Do you want to create a misty oasis in your bathroom? It’s not as hard as you may think. After all, most plants need moisture to survive, and bathrooms have no shortage of it. It is important to choose plants that can handle indirect lighting because most bathrooms don’t offer much natural light. The steam from your shower may be able to rejuvenate plants that were not thriving in another room. If you move a few plants from another room to the bathroom, it may be possible for them to flourish. You can turn your bathroom into a cloud forest with these 10 moisture-loving shower plants.
Eternity Plant (Zamioculcas zamiifolia)
With its ability to grow in almost any situation and under less-than-perfect conditions, the eternity plant certainly does live up to its name. It requires little water and low to medium light and, in a naturally lit bathroom, it can flourish nearly without human intervention. The plant is relatively new on the scene as far as houseplants go – it was only commercialized in the mid-1990s. Zamioculcas zamiifolia, its botanical name, is also referred to as ZZ plant.
Moth Orchid (Phalaenopsis spp.)
Moth orchids thrive in humid environments, which makes them an excellent shower plant, especially if you live in a drier climate. Orchids have a reputation for being finicky, but the moth orchid is widely regarded as one of the best orchids to grow in a home since it grows quickly and blooms often. Ideally, they should be situated near a window that gets plenty of sunlight.
Spider Plant (Chlorophytum comosum)
For new plant owners, the spider plant is a great choice as a bathroom plant since it can tolerate a lot. Even in poorly lit conditions, this sprawling plant thrives on moisture. It is also easy to propagate because it grows “spiderettes,” which can be divided and replanted easily. Additionally, it is arguably one of the best plants for removing indoor air pollution.
Air Plant (Tillandsia spp.)
Among the over 670 types of air plants, any of them would likely be the best choice for shower plants. They don’t require soil and can soak up most of the water they need from the air when in a moist environment. Air plants are experiencing a renaissance as houseplants, and some species are being overcollected. If you purchase them, make sure they were grown in a nursery rather than foraged from the wild.
Snake Plant (Sansevieria trifasciata)
Snake plants are another easy-to-grow plant that tolerates humidity and low light, and requires little maintenance. The plant is also known as mother-in-law’s tongue because of its sharp, swordlike leaves. These leaves stand upright, giving the plant its distinctive appearance. Snake plants store water in their thick leaves. Despite the fact that it can produce small white flowers, they only appear rarely, even when properly grown.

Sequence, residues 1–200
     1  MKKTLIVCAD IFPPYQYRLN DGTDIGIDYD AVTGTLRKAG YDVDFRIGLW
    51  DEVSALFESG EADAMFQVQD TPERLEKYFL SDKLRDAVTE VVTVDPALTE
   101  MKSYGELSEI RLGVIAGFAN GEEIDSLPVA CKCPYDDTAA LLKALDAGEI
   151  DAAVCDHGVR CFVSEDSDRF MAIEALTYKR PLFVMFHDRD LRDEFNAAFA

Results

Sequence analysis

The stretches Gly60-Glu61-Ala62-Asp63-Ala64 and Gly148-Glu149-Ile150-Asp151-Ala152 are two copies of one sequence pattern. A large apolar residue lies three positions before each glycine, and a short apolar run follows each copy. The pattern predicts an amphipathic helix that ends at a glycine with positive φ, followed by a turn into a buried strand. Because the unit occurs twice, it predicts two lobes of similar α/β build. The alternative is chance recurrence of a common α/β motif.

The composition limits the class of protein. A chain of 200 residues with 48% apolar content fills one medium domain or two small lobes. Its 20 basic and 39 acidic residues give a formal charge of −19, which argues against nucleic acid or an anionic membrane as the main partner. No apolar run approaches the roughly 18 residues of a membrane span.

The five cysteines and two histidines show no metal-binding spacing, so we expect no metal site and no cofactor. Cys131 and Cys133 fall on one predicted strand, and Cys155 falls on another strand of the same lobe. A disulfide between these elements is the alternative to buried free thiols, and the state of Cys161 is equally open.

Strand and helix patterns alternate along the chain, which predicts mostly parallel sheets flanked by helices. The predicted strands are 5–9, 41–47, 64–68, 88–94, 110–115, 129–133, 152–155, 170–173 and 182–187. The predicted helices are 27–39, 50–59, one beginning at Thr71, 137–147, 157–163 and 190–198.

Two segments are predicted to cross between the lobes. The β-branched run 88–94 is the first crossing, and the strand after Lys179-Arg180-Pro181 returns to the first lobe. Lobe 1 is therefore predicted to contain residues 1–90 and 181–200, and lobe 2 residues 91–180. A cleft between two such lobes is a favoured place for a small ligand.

Lucky Bamboo (Dracaena sanderiana)
Water-loving lucky bamboo grows into spirals or lattices, thanks to its distinctive stalks and its minimalist aesthetic. It isn’t really bamboo, but rather an African species that is closely related to the garden asparagus you might find on your dinner table. Alternatively, it can be grown in water without soil, but you will need to change the water every few weeks.
Dragon Tree (Dracaena marginata)
A dragon tree is often referred to as an indestructible houseplant that can survive even inattentive owners. The plant is drought-resistant, but it also tolerates high humidity and is one of the largest plants that will happily live in the bathroom. In the outdoors, dragon trees can grow to about 20 feet tall; indoor varieties can grow to almost 6 feet tall.
Boston Fern (Nephrolepis exalta bostoniensis)
It’s easy to overlook Boston ferns, but this attractive, hardy species makes an excellent bathroom plant. The plants thrive in humid environments and can be hung in hanging baskets in the bathroom to transform the space. Unless the pot drains well, they may even be hung in the shower since they like moist soil.
Peace Lily (Spathiphyllum wallisii)
The peace lily is an evergreen flowering plant that is easier to maintain than its delicate blooms would suggest. Central America is home to this species, which makes a steamy bathroom a natural habitat replacement. Depending on care, it can grow up to three feet in height, produce flowers twice a year, and last for months. Pale or curled leaves indicate too much sunlight; it prefers a mix of indirect and direct light.
Golden Pothos (Epipremnum aureum)
When given the high humidity that golden pothos prefers, even a novice gardener can feel like a seasoned caregiver. Occasionally, it can add 12 inches of length per month. Rather than grow vertically, its heart-shaped leaves drape down, and it can either be trained to grow on trellises or left to fall naturally. It does well in shade or artificial light as well, even though it prefers bright, natural light.